Read the RTO Rule. You'll see that it paves the way for transcos.
On Dec. 20, the Federal Energy Regulatory Commission hit the streets (both Wall and Main) with Order 2000, its rule on regional transmission organizations (RTOs). Ever since, utilities, investors and their advisers have been poring through the 727 pages of the document. They want to know, "What does the FERC really want?"
The question is not simply academic. On March 1 in Cincinnati, the FERC will open the first of five collaborative workshops to explore the RTO Rule and help the industry respond. Other workshops will follow: in Philadelphia (March 15-16), Las Vegas (March 23-24), Kansas City (March 29-30) and Atlanta (April 5-6).
Nevertheless, even as we look forward to the collaborative process, some in the industry with an ax to grind have already jumped the gun, offering their own interpretations of the RTO Rule and what the commission wants and intends, with varying degrees of accuracy.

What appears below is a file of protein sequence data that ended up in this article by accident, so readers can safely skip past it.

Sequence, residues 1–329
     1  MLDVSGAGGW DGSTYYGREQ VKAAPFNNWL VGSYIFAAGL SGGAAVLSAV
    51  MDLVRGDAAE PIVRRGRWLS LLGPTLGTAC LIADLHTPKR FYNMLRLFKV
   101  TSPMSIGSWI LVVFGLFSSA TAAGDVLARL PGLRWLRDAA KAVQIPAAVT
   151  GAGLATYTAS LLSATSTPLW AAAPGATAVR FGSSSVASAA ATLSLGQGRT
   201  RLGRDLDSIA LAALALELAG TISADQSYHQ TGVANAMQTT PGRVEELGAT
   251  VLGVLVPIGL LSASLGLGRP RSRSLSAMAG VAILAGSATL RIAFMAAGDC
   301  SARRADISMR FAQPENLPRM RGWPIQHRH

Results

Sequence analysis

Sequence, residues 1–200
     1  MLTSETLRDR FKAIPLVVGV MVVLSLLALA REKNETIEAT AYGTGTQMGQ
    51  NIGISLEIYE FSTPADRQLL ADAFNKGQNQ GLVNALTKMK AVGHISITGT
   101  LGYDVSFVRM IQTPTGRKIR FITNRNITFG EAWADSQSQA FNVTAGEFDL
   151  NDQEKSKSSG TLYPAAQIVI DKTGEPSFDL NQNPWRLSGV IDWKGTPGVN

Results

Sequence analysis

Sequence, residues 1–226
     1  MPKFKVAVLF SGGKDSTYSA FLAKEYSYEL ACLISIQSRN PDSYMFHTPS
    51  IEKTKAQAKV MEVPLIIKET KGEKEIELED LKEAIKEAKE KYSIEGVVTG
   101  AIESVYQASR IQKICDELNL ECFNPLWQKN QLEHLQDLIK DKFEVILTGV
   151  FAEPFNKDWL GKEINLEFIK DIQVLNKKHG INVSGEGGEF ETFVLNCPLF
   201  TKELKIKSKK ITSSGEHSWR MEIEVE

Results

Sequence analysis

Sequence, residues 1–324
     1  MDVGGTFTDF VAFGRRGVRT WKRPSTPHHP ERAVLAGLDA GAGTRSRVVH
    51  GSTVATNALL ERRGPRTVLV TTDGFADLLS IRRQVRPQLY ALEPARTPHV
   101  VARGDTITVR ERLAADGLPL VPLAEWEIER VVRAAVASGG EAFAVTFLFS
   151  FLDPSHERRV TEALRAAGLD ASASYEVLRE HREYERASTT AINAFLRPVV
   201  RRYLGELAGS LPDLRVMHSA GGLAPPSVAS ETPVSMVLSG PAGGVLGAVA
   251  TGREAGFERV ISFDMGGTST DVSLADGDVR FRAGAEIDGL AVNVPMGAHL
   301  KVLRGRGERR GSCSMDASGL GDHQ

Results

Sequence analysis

Winston Churchill once wrote that a lie travels halfway around the world before the truth can pull on a boot. Myths move fast, too. Yet we hope to help the industry start walking along the proper path.
In this article, we touch on some of the major points of contention over Order 2000 - myths we have heard about the RTO Rule and the FERC's expectations. To do that, we make a reasoned effort to debunk the top 10 myths about Order 2000 (giving page citations to the original text to buttress our points). We list the myths in descending order of the degree of currency attained by each. Beyond that, we rely only on the power of sunlight - "the best disinfectant," as Justice Brandeis would say.
Myth No. 1: Volunteer ¼ or Else!
Reality: or else the market will pass you by